I have had my concerns about Police Now for some time, almost since their inception really.
You can call me a Conspiracy Theorist if you like (I’ve been called worse) but the whole thing has an air of joined up thinking between Police Now, the College of Policing, NPCC and the Home Office. Not one of the other three bodies is challenging the activities, or concept, of Police Now.
Why on earth did two serving Metropolitan Police Officers suddenly think that they could train recruits better than the established system? Why on earth did they limit THEIR recruits to high-scoring Graduates? I believe that this pre-dates the soon to be imposed Graduate Entry Scheme of the College, but I’m happy to be corrected on that. Finally, why on earth did they have to register as a charity? As an unintended(?) consequence it currently makes them immune to Freedom of Information Act requests.
I haven’t seen answers to any of the above yet. What does their entry at the Charities Commission tell us? What were they set up to achieve?
Sponsors or undertakes research. Anybody know of any Police Now sponsored research? On anything?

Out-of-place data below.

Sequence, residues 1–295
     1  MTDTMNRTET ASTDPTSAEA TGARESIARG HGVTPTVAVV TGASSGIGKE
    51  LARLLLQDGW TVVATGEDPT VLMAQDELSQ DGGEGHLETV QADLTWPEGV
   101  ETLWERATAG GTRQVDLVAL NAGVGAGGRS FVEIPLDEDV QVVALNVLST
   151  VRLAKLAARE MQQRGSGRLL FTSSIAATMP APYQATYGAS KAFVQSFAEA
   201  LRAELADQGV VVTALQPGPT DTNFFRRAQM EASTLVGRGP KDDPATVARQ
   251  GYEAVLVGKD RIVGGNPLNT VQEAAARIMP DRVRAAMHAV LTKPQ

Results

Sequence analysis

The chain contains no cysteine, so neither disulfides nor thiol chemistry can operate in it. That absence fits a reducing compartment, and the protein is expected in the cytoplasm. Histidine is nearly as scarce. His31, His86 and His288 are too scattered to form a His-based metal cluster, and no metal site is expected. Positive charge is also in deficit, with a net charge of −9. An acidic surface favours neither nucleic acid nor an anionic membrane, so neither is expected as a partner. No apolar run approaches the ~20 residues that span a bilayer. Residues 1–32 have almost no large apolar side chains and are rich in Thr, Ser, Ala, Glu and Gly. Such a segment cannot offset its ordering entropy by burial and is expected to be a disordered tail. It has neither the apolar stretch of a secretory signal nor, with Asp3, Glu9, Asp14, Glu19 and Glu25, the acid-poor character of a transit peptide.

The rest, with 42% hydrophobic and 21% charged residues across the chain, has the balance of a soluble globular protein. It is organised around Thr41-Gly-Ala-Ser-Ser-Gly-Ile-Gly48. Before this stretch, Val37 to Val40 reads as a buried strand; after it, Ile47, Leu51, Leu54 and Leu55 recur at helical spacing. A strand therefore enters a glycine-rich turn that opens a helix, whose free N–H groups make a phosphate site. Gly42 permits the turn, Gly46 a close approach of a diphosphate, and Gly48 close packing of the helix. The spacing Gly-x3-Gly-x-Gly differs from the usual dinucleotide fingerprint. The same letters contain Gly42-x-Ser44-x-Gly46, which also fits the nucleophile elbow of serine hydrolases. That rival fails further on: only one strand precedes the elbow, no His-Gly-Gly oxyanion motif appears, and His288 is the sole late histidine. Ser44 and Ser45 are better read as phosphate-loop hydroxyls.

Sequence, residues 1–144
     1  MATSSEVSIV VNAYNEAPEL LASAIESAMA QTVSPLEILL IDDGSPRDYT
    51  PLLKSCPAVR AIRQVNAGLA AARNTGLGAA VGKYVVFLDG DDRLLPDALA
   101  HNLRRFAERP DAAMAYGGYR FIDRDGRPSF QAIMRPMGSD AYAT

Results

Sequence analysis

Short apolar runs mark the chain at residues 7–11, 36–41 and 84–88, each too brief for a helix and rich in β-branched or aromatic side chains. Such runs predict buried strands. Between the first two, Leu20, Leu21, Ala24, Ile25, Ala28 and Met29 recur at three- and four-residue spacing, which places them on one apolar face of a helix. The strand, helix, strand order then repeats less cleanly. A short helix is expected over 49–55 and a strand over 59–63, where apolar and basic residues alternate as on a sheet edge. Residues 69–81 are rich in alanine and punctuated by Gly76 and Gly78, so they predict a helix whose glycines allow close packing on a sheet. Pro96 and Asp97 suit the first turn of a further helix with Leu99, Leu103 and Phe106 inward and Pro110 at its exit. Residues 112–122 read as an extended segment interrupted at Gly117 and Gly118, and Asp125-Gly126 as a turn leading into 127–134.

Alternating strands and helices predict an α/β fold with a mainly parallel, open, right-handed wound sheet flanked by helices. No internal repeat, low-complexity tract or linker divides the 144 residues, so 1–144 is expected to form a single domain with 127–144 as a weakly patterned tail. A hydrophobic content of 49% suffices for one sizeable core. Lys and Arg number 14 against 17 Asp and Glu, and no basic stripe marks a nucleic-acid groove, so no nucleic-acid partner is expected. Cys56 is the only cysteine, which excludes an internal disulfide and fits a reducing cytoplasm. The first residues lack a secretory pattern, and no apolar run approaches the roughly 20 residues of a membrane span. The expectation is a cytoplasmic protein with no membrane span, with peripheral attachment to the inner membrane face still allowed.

We know they provide training, but I’m still not sure why.
Armed Forces/Emergency Services efficiency? That just sounds like someone ‘bigging up’ the role they play in order to obtain charitable status. What do Police Now do for the Armed Forces? Ambo and Water Fairies? Anyone?
So who does benefit from Police Now activities?
The General Public and Mankind? Is it only me who finds that both flippant and incredibly arrogant at the same time? Can anyone give me an example of where Police Now has benefited the General Public and Mankind please? There must be at least one example.
Next on my list of things to look at was MONEY. How are they funded? What sort of size is their budget?
As we can see their income for the 2017/18 year was £6.4 Million pounds and their expenditure was £4.7 Million. Why, oh why, do they need to retain just short of 1/3 of their income in their account unspent? £1.7 Million, just sitting there.
What do they do with all this money?
Oh good, they’re going to transform communities and reduce crime. The Police Service is losing that battle largely due to Theresa May’s cuts, but somehow the (relatively) small number of Police Now trained officers will achieve what the majority have failed to do for a few years now.